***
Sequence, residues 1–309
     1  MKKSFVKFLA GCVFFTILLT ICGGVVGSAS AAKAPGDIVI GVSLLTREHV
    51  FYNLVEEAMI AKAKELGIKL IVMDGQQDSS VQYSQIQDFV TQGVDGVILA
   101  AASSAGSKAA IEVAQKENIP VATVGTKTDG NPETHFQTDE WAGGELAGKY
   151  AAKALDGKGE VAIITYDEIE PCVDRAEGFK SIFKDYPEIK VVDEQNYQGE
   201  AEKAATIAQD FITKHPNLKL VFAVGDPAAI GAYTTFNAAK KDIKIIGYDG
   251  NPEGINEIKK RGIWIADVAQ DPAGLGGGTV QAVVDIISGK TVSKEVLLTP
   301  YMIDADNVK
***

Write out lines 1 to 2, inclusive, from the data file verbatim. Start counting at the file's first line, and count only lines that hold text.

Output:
Sequence, residues 1–309
     1  MKKSFVKFLA GCVFFTILLT ICGGVVGSAS AAKAPGDIVI GVSLLTREHV